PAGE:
The cheese then gets stored in a large warehouse with other grocery goods. 

A truck picks up the cheese from the warehouse and takes it to the grocery store where it’s stocked on shelves and finally awaits your purchase.

Your cheeseburger can now be assembled and enjoyed! And now what? What about the packaging your cheese slice came wrapped up in? What about all your other food scraps? Where do they end up? 

Most of the time, they end up in a landfill.

Now, here’s the challenge: After students have pieced together the journey of their cheese (there are twenty cards or steps for the cheese alone!) they have to figure out how to remove pieces of the production-distribution-consumption-waste system to make the whole thing more sustainable. How can we get this slice of cheese to travel less? This activity can lead to great discussions on Farmer’s Markets, local food, and composting.

Want to try this activity with your class? Email GoGreen[at]Brooklynkids.org for a PDF version of the full set of Hamburger life cycle cards!

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In order to come up with inventive, creative solutions for the mounting global challenges we’re to face- climate change, loss of biodiversity, more droughts, more extreme storms-we’re going to need all hands on deck! Unfortunately, it seems that we might be pushing away a good 50% of those creative minds from the fields of science, math, and engineering. Check out these alarming statistics presented by The Engineering Project on the trends of women in science education.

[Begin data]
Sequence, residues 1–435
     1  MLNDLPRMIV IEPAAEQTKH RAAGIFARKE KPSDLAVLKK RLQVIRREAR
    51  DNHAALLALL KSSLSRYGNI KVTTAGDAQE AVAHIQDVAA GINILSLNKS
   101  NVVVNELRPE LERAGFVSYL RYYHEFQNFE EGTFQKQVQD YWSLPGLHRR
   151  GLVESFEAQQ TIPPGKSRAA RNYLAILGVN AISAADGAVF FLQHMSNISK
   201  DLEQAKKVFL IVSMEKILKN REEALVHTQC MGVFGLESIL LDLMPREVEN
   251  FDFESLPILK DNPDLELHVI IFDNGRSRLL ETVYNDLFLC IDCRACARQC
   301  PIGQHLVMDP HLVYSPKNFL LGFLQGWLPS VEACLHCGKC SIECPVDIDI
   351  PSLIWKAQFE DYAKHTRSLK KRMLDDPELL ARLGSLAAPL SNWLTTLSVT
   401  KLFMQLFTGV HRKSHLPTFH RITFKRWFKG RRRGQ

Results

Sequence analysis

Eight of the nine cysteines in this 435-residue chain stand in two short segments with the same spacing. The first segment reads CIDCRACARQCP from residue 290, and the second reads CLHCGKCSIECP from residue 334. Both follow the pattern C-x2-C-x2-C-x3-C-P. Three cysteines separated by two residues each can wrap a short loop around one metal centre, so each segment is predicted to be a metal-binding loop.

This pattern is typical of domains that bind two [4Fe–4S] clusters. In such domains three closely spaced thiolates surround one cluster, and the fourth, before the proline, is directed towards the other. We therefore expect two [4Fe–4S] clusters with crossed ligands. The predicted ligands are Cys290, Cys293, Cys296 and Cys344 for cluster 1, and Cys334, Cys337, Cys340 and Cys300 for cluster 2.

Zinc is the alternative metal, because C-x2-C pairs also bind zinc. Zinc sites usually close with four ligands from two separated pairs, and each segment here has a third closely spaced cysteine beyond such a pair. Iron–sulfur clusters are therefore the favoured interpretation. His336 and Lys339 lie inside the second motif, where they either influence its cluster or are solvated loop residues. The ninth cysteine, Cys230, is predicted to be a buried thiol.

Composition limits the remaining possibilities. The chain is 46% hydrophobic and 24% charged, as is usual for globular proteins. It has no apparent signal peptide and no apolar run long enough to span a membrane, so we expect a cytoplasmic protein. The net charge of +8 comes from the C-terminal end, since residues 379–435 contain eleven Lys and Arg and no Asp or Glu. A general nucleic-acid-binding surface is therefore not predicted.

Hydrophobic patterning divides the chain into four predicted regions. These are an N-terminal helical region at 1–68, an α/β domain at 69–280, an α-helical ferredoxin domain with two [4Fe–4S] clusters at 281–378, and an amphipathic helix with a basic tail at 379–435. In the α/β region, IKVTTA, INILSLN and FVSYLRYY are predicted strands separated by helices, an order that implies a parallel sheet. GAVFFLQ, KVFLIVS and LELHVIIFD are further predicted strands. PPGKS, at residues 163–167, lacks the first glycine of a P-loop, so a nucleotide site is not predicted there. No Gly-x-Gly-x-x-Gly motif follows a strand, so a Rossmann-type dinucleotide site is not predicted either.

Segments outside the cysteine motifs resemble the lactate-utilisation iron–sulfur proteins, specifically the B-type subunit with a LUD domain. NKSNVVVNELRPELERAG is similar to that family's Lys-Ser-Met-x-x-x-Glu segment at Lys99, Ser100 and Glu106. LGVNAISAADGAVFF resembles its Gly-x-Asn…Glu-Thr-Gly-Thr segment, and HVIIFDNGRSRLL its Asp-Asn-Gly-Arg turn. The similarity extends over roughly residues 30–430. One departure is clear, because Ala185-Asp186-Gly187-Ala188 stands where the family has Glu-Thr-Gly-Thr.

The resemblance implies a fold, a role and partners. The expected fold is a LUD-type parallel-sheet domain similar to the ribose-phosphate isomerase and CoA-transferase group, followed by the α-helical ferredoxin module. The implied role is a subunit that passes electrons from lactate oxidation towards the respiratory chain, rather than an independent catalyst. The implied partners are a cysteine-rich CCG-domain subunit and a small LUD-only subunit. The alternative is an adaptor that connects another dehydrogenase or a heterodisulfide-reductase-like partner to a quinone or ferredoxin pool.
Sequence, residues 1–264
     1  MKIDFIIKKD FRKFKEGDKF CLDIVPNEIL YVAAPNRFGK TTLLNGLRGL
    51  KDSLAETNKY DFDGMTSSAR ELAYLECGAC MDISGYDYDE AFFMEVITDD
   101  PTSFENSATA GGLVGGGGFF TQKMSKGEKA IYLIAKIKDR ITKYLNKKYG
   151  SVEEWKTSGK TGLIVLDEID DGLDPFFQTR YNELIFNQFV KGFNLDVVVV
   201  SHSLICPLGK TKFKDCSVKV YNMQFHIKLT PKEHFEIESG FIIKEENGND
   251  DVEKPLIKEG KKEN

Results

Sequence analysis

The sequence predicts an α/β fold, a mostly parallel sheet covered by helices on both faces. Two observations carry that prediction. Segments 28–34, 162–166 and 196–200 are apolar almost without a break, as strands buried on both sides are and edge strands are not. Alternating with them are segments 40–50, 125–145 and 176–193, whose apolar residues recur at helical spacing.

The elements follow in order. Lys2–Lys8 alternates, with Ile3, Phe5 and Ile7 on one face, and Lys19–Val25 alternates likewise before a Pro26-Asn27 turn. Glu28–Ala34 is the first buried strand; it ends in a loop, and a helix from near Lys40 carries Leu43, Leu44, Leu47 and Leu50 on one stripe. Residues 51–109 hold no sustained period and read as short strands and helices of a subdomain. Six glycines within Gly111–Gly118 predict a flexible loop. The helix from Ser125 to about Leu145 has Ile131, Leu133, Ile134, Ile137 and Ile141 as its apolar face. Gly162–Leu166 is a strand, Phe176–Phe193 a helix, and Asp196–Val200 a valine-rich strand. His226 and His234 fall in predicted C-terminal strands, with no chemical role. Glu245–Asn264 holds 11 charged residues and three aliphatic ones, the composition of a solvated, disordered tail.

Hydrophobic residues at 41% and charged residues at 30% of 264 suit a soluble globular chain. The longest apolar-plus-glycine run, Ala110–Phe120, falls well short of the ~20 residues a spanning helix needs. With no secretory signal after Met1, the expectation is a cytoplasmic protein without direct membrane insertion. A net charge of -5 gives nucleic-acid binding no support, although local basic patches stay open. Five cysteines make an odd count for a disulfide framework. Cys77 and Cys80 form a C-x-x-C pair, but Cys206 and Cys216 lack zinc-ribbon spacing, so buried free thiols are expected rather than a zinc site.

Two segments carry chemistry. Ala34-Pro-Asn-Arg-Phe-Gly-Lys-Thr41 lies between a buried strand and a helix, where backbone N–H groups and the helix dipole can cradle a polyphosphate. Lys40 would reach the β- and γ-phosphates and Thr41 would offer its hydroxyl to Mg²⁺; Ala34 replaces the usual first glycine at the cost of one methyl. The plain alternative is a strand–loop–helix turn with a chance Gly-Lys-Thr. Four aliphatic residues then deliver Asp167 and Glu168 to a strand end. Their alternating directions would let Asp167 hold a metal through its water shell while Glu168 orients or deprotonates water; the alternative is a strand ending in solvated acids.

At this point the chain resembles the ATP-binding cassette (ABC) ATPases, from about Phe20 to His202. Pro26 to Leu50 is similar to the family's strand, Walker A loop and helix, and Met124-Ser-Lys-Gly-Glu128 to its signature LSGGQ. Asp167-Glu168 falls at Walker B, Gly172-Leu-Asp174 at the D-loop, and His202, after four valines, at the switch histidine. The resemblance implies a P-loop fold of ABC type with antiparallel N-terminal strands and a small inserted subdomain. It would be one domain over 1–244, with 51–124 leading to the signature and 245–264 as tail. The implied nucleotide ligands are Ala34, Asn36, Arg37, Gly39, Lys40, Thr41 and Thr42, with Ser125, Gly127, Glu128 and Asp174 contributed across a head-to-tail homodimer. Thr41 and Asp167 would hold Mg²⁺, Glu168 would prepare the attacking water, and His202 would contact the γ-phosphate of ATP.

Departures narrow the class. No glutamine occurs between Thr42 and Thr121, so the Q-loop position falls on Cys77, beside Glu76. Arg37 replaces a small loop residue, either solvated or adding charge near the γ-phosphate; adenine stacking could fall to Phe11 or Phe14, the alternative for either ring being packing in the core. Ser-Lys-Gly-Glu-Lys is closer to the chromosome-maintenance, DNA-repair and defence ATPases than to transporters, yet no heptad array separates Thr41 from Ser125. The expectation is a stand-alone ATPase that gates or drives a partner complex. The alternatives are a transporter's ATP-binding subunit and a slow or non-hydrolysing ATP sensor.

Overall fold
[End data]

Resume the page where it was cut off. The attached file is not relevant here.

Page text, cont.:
What do you think about these stats? Of course, there are lots of different forms of intelligence and creative thinkers who thrive in other fields-education, literature, history, philosophy-are also vital as we adapt to our changing world.

What do you think? Have you seem girls in your classroom transition away from their interests in science and math? How big of a role does gender play in your classroom? Have you ever caught yourself reinforcing the false belief that boys are just innately better in STEM (Science, Technology, Engineering, and Math) fields?

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In our last post, we started thinking about where our food comes from. Here are a few food ingredients whose plant source might surprise you!

Vanilla comes from the seeds of a vanilla orchid.

Cinnamon comes from the bark of a tree native to Southeast Asia.

Black pepper comes from the seeds of a woody vine  in the rainforest.